On December 6, 2012 the Martin Prosperity Institute welcomed the Institute of Competitiveness and Prosperity (ICP) to our home in the new Rotman School of Management’s South Building. The ICP serves as the research arm of the Task Force on Competitiveness, Productivity and Economic Progress in Ontario. Through its research, the ICP aims to enhance public understanding of the macro and micro-economic factors behind Ontario’s economic progress, in order to ensure continued success in the creation of good jobs and a higher quality of life for all Ontarians. Both MPI and ICP share a research agenda that focuses on a cohesive examination of prosperity, by looking beyond economic measures alone to include the importance of factors such as quality of place and innovation. The MPI and ICP, along with sharing a workspace, will collaborate on research projects such as examining city productive and conducting cluster analyses.
“The Time is Now”
The ICP recently released their eleventh annual report entitled “A Push for Growth: The Time is Now”. The report analyses the persistence of a prosperity gap between Ontario and its U.S. peers, by comparing Ontario’s economy to a number of similar regions throughout the world. Through the analysis of key indicators such as productivity, educational attainment and hours worked, the report found that although Ontario’s economy is successful compared to non-North American peers, its economy lags in comparison to its North American peers, which was attributed in part to Ontario’s recent slow economic growth. While previous MPI Insights have looked at productivity (patents), geographic variation in GDP and the impact of urbanization on place of work, this Insight will draw on interrelated material from the recent ICP annual report.
In “A Push for Growth”, the ICP examines the relationship between labour productivity and place, by applying their labour productivity index to urbanization. Exhibit 1 displays the average percent of total population in metropolitan areas amongst North American provinces and states from 1996–2011, along with the labour productivity index for the same provinces and states. The North American peer states used throughout the annual report are highlighted in black. Exhibit 1 provides evidence that there is a direct correlation between innovation — or prosperity — and densely populated urban areas. As the Exhibit shows, generally the more urbanized the province or state was found to be, the greater the labour productivity index. On average, a 10 percent increase in urbanization leads to a 5.4 percent increase in labour productivity. This rate of increased productivity as urbanization is increased is more pronounced amongst states than provinces.
Productivity is undoubtedly affected by the large role that North America’s densely, high populated urban centers play on state and provincial success as they often provide an environment in which creativity and innovation can thrive. Rhode Island, Massachusetts and New Jersey are the states with the highest percentage of urbanisation, while Connecticut, New York and New Jersey have the highest scores on the labour productivity index. Ontario was found to have a labour productivity index lower than half of the states and provinces analyzed, while having a percentage of urbanization higher than half of these same locations. When looking at the peer states selected, Quebec was the only province/state in with labour productivity lower than Ontario.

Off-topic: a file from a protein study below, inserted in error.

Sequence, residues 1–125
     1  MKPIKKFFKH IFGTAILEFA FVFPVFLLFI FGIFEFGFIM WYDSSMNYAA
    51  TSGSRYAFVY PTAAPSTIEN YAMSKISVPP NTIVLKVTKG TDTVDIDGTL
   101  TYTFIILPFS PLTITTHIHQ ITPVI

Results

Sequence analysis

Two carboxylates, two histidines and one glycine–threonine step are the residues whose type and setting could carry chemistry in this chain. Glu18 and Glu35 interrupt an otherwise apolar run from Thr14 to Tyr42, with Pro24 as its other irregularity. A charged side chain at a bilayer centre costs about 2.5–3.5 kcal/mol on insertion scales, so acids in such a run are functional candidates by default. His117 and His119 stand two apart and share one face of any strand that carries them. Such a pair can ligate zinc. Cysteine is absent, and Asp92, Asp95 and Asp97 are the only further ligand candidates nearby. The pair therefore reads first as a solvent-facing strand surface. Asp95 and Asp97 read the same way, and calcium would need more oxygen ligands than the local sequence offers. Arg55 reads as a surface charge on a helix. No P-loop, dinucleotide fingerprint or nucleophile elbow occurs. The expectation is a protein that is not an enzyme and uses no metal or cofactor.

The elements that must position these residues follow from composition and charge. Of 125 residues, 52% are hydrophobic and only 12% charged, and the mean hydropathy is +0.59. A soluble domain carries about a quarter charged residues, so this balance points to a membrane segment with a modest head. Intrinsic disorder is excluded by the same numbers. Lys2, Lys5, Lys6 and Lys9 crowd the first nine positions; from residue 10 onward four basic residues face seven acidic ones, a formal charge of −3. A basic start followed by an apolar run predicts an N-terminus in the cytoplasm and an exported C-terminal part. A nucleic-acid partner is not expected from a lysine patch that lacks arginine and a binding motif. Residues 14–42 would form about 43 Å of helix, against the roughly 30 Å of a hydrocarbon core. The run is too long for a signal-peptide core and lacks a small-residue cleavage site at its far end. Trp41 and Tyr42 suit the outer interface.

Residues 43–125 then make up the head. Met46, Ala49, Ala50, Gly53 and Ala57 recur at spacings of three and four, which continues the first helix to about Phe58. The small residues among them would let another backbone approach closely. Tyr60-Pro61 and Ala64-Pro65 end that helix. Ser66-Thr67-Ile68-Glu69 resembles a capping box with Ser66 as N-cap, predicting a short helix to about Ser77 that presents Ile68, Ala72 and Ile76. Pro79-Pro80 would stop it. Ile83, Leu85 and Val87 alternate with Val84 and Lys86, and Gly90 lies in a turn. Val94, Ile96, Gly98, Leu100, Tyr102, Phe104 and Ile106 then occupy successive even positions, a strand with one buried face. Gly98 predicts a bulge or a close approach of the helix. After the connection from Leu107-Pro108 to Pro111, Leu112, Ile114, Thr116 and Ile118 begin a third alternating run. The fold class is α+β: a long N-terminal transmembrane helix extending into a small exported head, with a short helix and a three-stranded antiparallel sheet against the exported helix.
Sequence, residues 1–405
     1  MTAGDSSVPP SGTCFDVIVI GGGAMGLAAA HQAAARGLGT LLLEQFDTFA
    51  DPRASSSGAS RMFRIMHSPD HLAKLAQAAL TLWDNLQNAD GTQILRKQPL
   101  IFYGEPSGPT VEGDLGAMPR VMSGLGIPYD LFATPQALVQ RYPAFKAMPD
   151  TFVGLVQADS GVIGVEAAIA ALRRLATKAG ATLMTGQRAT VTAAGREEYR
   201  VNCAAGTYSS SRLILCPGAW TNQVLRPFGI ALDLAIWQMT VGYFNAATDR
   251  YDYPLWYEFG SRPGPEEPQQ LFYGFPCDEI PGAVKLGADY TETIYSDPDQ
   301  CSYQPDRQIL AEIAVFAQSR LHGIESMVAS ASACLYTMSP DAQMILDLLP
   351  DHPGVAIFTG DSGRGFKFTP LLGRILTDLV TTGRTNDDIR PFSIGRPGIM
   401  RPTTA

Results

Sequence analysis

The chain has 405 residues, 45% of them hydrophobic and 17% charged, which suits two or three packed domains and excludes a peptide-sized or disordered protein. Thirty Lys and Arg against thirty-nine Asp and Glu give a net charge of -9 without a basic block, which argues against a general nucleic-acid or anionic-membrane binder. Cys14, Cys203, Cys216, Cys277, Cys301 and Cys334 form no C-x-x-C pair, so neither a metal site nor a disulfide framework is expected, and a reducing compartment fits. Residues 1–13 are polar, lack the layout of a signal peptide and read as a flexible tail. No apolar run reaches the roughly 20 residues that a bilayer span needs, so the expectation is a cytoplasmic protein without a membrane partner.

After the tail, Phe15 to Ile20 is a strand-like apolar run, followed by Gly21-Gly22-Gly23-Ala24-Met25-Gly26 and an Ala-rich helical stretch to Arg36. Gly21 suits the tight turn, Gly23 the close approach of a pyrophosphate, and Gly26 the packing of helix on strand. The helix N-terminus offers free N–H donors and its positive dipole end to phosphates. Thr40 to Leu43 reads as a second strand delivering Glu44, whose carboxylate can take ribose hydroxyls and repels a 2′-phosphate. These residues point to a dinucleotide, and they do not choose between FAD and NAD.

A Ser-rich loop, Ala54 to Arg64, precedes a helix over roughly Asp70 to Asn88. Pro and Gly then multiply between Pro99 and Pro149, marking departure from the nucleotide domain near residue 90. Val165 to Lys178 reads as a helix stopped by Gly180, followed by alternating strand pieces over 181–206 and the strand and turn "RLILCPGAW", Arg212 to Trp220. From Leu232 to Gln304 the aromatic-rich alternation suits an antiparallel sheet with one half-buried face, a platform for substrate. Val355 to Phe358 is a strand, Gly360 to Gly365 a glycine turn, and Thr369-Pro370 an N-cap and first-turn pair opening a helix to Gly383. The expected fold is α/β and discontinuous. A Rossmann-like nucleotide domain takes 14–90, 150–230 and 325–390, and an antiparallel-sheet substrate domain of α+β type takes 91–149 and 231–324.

As discussed in previous Insights, many rural communities within Ontario are experiencing issues in adapting to the knowledge economy, which could be contributing to Ontario’s overall lower labour productivity. However, Exhibit 1 sheds light on a possible greater issue, which is that Ontario’s urban centers might also be lagging behind in terms of productivity. While cities are often able to accumulate large numbers of highly skilled workers, and through the dense interactions that large cities offer, the knowledge spillovers and competition, that result can lead to innovation and productivity. Despite Ontario’s rate of urbanisation, the province’s labour productivity is lagging behind many other provinces and states. Where large, dense urban centers are pushing the urbanisation and labour productivity indexes in many states, in Ontario, some of our mid-small urban centers might be less productive. Labour productivity is an important metric to evaluate, as the shift to an economy with many low-skill service class occupations is one of the many factors that will continue to affect our provinces competitiveness and innovation.
Exhibit 1: More urbanization is linked with higher labour productivity
To learn more about this recent report, see ICP’s Annual Report press release.
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The Martin Prosperity Institute at the University of Toronto‘s Rotman School of Management is the world’s leading think-tank on the role of sub-national factors — location, place and city-regions — in global economic prosperity. We take an integrated view of prosperity, looking beyond economic measures to include the importance of quality of place and the development of people’s creative potential.